Comedy favourite Al Murray heads north on his national tour. But the aggressive, in-your-face Pub Landlord of TV fame is quaking at the thought, as Keith Newton reports.
Chains count the cost of greed
WITH one pub closing every 10 days across the North East, the Pub Landlord might soon find himself out of a job.
For all sorts of personal, not to mention professional, reasons, Al Murray hopes the bar room doesn’t disappear for good. "I don’t want to sit at home with a six pack and watch a DVD," he says. But the malaise in the trade isn’t showing any signs of abating.
"It doesn’t come up in my shows yet but I know people who work in that trade are having a really rough time," says Al. His personal opinion? "People got greedy."
He might be right. The national pub chains which concentrated on shareholder dividends now appear to be paying the price.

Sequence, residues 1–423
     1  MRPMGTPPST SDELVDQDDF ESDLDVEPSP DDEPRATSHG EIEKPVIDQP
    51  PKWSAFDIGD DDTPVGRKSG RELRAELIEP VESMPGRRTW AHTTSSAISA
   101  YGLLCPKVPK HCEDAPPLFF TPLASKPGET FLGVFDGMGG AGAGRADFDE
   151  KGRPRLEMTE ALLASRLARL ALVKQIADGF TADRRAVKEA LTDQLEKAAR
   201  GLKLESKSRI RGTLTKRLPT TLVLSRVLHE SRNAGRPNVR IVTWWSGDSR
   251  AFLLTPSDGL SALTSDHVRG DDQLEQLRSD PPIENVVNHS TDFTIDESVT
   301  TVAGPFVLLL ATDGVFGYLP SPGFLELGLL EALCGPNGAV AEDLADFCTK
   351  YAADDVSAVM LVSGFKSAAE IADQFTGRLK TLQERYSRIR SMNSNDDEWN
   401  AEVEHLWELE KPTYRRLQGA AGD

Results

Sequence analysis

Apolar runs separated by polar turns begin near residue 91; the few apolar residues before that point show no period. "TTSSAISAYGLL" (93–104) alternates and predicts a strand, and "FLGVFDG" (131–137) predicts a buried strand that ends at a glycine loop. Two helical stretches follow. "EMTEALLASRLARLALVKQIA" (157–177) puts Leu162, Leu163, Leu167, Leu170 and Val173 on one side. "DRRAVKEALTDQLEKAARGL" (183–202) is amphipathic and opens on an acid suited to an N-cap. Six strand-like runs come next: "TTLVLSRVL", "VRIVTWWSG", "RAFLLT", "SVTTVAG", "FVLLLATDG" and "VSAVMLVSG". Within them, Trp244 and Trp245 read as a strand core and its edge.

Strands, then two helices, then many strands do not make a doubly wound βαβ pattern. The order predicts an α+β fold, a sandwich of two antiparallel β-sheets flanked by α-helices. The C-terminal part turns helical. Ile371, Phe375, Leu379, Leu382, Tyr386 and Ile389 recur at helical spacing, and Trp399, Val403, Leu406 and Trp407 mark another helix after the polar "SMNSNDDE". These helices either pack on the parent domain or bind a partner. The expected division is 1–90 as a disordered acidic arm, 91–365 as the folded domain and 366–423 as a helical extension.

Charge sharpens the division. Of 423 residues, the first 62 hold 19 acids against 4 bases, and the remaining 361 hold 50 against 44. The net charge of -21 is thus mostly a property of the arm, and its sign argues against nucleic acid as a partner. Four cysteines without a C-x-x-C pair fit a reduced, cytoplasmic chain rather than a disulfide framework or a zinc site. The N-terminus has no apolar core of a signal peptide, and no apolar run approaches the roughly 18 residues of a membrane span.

"The model the pub groups cooked up has relied heavily on squeezing tenants and cutting costs to ratchet up profits and pay off debt," says economics correspondent Sam Fleming. "This looked fine when consumer spending was robust and money was cheap. The trouble is that while debt-laden deals are great fun when business is brisk, they can quickly come unstuck."
Alex Brodie, a former BBC foreign correspondent and now a Cumbrian brewer, believes real ale is holding the pub trade together at the moment. "If any publican wants to put on sales they can just put on a good-quality real ale. It’s not rocket science," he says.
Page 3: Comedy is serious business in North